Irene an extremely dangerous storm surge threat to the mid-Atlantic and New England

By: Dr. Jeff Masters , 2:55 PM GMT on August 25, 2011

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Back in 1938, long before satellites, radar, the hurricane hunters, and the modern weather forecasting system, the great New England hurricane of 1938 roared northwards into Long Island, New York at 60 mph, pushing a storm surge more than 15 feet high to the coast. Hundreds of Americans died in this greatest Northeast U.S. hurricane on record, the only Category 3 storm to hit the Northeast since the 1800s. Since 1938, there have been a number of significant hurricanes in the Northeast--the Great Atlantic hurricane of 1944, Hazel of 1954, Diane of 1955, Donna of 1960, Gloria of 1985, Bob of 1991, and Floyd of 1999--but none of these were as formidable as the great 1938 storm. Today, we have a hurricane over the Bahamas--Hurricane Irene--that threatens to be the Northeast's most dangerous storm since the 1938 hurricane. We've all been watching the computer models, which have been steadily moving their forecast tracks for Irene more to the east--first into Florida, then Georgia, then South Carolina, then North Carolina, then offshore of North Carolina--and it seemed that this storm would do what so many many storms have done in the past, brush the Outer Banks of North Carolina, then head out to sea. Irene will not do that. Irene will likely hit Eastern North Carolina, but the storm is going northwards after that, and may deliver an extremely destructive blow to the mid-Atlantic and New England states. I am most concerned about the storm surge danger to North Carolina, Virginia, Maryland, Delaware, New Jersey, New York, and the rest of the New England coast. Irene is capable of inundating portions of the coast under 10 - 15 feet of water, to the highest storm surge depths ever recorded. I strongly recommend that all residents of the mid-Atlantic and New England coast familiarize themselves with their storm surge risk. The best source of that information is the National Hurricane Center's Interactive Storm Surge Risk Map, which allows one to pick a particular Category hurricane and zoom in to see the height above ground level a worst-case storm surge may go. If you prefer static images, use wunderground's Storm Surge Inundation Maps. If these tools indicate you may be at risk, consult your local or state emergency management office to determine if you are in a hurricane evacuation zone. Mass evacuations of low-lying areas along the entire coast of New Jersey, Delaware, Maryland, and Virginia are at least 50% likely to be ordered by Saturday. The threat to the coasts of New York, Connecticut, Rhode Island, Massachusetts, New Hampshire, and Maine is less certain, but evacuations may be ordered in those states, as well. Irene is an extremely dangerous storm for an area that has no experience with hurricanes, and I strongly urge you to evacuate from the coast if an evacuation is ordered by local officials. My area of greatest concern is the coast from Ocean City, Maryland, to Atlantic City, New Jersey. It is possible that this stretch of coast will receive a direct hit from a slow-moving Category 2 hurricane hitting during the highest tide of the month, bringing a 10 - 15 foot storm surge.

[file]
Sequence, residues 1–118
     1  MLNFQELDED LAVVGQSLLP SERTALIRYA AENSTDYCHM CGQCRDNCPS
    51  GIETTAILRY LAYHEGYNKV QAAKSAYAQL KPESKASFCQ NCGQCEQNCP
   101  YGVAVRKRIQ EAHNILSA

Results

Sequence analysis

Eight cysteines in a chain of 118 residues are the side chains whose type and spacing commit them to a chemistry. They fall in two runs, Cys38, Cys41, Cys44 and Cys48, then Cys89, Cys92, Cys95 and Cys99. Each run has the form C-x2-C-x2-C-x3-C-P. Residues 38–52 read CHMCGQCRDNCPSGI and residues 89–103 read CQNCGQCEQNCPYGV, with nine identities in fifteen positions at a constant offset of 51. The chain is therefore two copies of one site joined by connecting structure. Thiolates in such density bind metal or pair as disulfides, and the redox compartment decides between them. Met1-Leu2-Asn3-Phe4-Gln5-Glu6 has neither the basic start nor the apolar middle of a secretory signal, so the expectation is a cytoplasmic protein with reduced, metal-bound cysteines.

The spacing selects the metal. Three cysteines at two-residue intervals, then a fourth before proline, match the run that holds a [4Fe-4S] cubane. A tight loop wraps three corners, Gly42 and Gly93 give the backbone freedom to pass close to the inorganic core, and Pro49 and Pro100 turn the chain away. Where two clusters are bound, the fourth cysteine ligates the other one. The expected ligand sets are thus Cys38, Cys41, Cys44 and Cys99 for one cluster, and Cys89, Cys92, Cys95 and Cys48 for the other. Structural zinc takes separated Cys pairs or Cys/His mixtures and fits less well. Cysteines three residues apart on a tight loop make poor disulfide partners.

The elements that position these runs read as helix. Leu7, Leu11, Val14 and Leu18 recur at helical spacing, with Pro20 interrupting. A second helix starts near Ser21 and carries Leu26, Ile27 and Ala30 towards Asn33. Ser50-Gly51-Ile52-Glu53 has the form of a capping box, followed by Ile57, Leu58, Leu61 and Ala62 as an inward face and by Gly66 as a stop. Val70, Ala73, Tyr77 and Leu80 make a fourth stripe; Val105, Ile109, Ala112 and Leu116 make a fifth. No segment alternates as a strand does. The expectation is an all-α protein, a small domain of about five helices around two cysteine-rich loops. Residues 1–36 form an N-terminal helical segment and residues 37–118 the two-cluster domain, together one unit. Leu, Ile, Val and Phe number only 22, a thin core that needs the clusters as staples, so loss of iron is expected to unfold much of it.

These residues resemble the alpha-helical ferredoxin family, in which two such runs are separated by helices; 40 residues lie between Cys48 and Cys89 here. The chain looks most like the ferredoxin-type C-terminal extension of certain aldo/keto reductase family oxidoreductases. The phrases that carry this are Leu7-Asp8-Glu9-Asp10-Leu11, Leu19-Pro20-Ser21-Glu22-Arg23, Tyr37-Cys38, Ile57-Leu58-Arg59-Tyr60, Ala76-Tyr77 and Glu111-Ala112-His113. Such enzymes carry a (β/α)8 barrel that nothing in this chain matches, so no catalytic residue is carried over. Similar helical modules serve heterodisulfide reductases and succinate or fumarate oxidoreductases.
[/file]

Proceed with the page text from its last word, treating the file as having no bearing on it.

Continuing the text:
Figure 1. The scene in Nassau in the Bahamas at daybreak today. Image credit: Wunderblogger Mike Theiss.

Irene a Category 3 over the Bahamas, headed northwest
Hurricane Irene tore through the Bahama Islands overnight, bringing hurricane-force winds, torrential rains, and storm surge flooding to Crooked Island, Long Island, Rum Cay, and Cat Island, which all took a terrific pounding. Eleuthera and Abaco Island will receive the full force of Irene's eyewall today, but the eyewall will miss capital of Nassau. Winds there were sustained at 41 mph, gusting to 66 mph so far this morning, and I expect these winds will rise to 50 - 55 mph later today. Wunderblogger MIke Theiss is in Nassau, and will be sending live updates through the day today. Winds on Grand Bahama Island in Freeport will rise above tropical storm force late Thursday morning, and increase to a peak of 45 - 55 mph late Thursday afternoon. Grand Bahama will also miss the brunt of the storm. Irene is visible on Miami long-range radar, and the outer bands of the hurricane are bringing rain to Southeast Florida this morning.

Irene is currently undergoing an eyewall replacement cycle, where the inner eyewall collapses, and a new outer eyewall forms from a spiral band. During this process, the hurricane may weaken slightly, and it may take the rest of today for a new eyewall to fully form. Satellite imagery shows a lopsided pattern to Irene, with less cloud cover on the storm's southwest side. This is due to upper level winds from the southwest creating about 10 - 20 knots of wind shear along the storm's southwest side. We can hope that the shear will be strong enough to inject some dry air into the core of Irene and significantly weaken it today, but I put the odds of that happening at only 10%. The most likely scenario is that Irene will complete its eyewall replacement cycle later today or on Friday, then begin intensifying again. Wind shear is expected to stay moderate, 10 - 20 knots, for the next three days, ocean temperatures are a very warm 29°C, and Irene has an upper-level high pressure system on top of it, to aid upper-level outflow. None of our intensity forecast models show Irene growing to Category 4 strength, though the last 4 runs of the ECMWF global model--our best model for forecasting track--have intensified Irene to a Category 4 hurricane with a 912 - 920 mb pressure as it crosses over Eastern North Carolina.

Track forecast for Irene